Steamboat Springs City Council supports Powder Room |

Steamboat Springs City Council supports Powder Room

Council denies appeal seeking to stop Clock Tower Square nightclub during Tuesday night meeting

Mike Lawrence

— City officials upheld decisions in favor of the Powder Room nightclub Tuesday, allowing the base area business to move toward opening and overriding arguments that included a Clock Tower Square homeowner displaying poster-sized photographs of his grandchildren in Centennial Hall.

"My unit is within 15 feet from the doorway of where the proposed Powder Room is going to be," said New Orleans resident Bob Atkinson, who has owned his Clock Tower condominium for 13 years but acknowledged he uses it primarily in winter months.

Atkinson cited a nightclub's potential noise impacts on his young grandchildren as he showed Steamboat Springs City Council their photographs.

"We know that when people congregate outside our unit, we're going to hear it. We're going to hear it all night long," he said. "What's going to prevent people from congregating out there?"

Atkinson's pleas and lawyer Jill Brabec's arguments weren't enough to sway City Council, which voted, 6-0, to uphold previous decisions made by the city's planning department and the Steamboat Springs Planning Commission. All entities found the Powder Room to be in compliance with city codes and use criteria for the base of Steamboat Ski Area.

"We all live in neighborhoods, we all have neighbors, and we don't get to decide who our neighbors are … particularly in mixed-use (developments)," Councilman Jon Quinn said.

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Councilman Bart Kounovsky removed himself from Tuesday night's Powder Room vote because of conflicts of interest related to his position with Colorado Group Realty.

Clock Tower Square's six homeowners had appealed a city staff decision that allowed a change of use for the space the Powder Room will occupy, primarily citing noise and parking concerns. As he did before the Planning Commission, city planner Bob Keenan explained Tuesday how he thought the Powder Room met parking requirements.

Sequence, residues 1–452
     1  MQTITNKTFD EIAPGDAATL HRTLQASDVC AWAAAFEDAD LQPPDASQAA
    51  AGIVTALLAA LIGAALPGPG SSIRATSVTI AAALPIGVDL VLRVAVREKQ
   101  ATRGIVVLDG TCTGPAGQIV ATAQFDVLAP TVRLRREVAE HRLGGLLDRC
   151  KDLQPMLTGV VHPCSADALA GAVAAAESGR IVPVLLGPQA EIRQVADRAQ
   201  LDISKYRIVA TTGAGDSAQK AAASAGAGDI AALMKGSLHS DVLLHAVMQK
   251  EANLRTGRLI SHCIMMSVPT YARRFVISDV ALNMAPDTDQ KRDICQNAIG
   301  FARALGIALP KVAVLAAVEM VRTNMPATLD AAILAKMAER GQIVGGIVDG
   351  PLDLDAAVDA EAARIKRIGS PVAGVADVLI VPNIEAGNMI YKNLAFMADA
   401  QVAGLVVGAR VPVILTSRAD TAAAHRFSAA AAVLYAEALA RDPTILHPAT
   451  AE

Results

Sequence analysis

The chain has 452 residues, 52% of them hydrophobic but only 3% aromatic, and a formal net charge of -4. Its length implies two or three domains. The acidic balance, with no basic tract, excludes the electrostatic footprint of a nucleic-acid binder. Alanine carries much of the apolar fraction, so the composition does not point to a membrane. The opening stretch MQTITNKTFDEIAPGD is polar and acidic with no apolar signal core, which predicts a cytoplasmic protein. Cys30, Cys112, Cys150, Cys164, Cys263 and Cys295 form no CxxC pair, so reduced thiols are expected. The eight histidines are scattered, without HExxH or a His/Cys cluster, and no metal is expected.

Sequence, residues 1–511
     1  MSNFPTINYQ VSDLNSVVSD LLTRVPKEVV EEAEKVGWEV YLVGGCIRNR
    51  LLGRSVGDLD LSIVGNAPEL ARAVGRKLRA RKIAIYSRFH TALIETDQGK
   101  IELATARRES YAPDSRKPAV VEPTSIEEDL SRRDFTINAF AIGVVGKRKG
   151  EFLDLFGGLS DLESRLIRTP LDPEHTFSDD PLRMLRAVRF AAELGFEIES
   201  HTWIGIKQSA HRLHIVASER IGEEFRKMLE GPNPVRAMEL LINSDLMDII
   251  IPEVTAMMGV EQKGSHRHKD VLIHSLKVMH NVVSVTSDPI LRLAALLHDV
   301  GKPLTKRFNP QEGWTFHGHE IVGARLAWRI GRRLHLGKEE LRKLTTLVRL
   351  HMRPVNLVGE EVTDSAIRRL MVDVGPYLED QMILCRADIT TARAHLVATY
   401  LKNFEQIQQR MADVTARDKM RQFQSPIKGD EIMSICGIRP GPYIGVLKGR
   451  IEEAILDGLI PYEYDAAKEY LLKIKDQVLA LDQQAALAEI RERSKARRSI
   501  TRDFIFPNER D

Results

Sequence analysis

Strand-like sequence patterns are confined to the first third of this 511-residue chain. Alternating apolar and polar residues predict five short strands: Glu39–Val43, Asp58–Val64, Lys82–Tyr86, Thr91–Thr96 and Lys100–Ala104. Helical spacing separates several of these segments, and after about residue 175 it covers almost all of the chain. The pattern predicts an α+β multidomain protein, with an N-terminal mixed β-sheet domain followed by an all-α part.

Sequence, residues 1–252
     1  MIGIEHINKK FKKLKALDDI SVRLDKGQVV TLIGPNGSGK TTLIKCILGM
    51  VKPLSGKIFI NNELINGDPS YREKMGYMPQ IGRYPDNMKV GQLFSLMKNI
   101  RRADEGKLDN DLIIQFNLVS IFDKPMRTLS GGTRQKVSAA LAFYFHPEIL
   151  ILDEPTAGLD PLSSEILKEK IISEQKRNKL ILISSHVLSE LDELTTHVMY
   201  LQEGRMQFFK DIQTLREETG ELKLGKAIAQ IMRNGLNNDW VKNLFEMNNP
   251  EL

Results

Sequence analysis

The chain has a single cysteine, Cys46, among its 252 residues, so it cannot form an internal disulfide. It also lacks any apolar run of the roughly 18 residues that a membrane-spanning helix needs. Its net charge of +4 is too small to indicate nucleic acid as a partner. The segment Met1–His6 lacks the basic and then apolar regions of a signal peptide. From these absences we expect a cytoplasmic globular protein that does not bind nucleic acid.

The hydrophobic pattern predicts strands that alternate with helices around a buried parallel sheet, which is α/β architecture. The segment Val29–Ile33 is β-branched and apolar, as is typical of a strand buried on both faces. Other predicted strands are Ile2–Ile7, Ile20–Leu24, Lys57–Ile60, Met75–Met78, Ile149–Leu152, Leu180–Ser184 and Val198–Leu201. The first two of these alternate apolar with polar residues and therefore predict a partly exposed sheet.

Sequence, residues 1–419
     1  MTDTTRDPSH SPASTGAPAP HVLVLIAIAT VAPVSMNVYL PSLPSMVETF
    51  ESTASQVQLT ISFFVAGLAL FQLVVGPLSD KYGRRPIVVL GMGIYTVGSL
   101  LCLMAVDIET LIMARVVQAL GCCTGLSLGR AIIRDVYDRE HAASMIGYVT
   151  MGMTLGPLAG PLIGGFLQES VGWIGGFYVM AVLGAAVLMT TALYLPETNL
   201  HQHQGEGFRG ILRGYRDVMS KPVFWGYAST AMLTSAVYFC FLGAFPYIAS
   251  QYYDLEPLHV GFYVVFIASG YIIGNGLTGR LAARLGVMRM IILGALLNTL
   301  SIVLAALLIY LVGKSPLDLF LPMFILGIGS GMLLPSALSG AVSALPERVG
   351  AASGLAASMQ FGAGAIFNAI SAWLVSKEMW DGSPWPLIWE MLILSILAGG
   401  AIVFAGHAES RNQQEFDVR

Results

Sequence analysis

Powder Room owner Scott Agnew said he's worked extensively with his architect and sound staff to reduce noise and reverberations from the Powder Room, which is in the building's garden level and has no shared ductwork that could carry sound through the building. Residences are two stories above the Powder Room, with commercial space between.

"This isn't a situation of my ignoring (homeowners) concerns," Agnew said.

Quinn praised Agnew for his noise mitigation efforts and called the Powder Room "a great step" for the Ski Time Square area. Agnew said the Powder Room could open by Memorial Day.

The dispute might not be over, though. During Tuesday's hearing, Brabec told City Council that lawsuits "are almost certain to follow" a Powder Room approval.

After that approval occurred, Brabec said homeowners could decide to pursue another appeal, this time in district court.

"No decision has been made, but it's something we're considering," Brabec said.

The Powder Room discussion provided a preview of issues likely to arise April 5, when City Council is scheduled to address potential revisions to the city's noise regulations. Noise-related conflicts between nighttime businesses and nearby homeowners have drawn a spotlight in downtown Steamboat Springs and at the ski base since summer 2010.

Development in the Clock Tower area might not be over, either.

"We are working on plans right now that would cause redevelopment of all areas around the Clock Tower, and we hope to bring those before you in the next six months," developer Jim Cook told City Council on Tuesday.

He previously has declined to discuss those plans further.

In other action

Also Tuesday, City Council heard a brief presentation about plans for the 60,000-square-foot, $23 million administrative, dining and classroom building to be built at Colorado Mountain College's Alpine Campus in Steamboat.

CMC Facilities Director Sam Skramstad said a public open house about expansion plans is planned for March 31.

Architect Ariel Madlambayan of H&L Architecture in Denver said construction documents should be done by March 25 and general contractor Adolfson and Peterson could mobilize April 15. Roadwork could begin May 1 and demolition of Monson Hall is planned for May 15, Madlambayan said. June 1 is the scheduled start of building construction, with completion targeted for July 13, 2012.

The recent dissolution of an intergovernmental agreement between the city and CMC means the new building is not subject to the city's planning approval process.

City Council also wrapped up its winter-long series of discussions about economic development by approving a set of policy guidelines that could influence 2012 budget decisions in fall. The guidelines focus on supporting existing businesses and economic assets, encouraging business diversity, encouraging new businesses that provide good wages and boosting efforts to increase telecommunications infrastructure.

— To reach Mike Lawrence, call 970-871-4233 or e-mail

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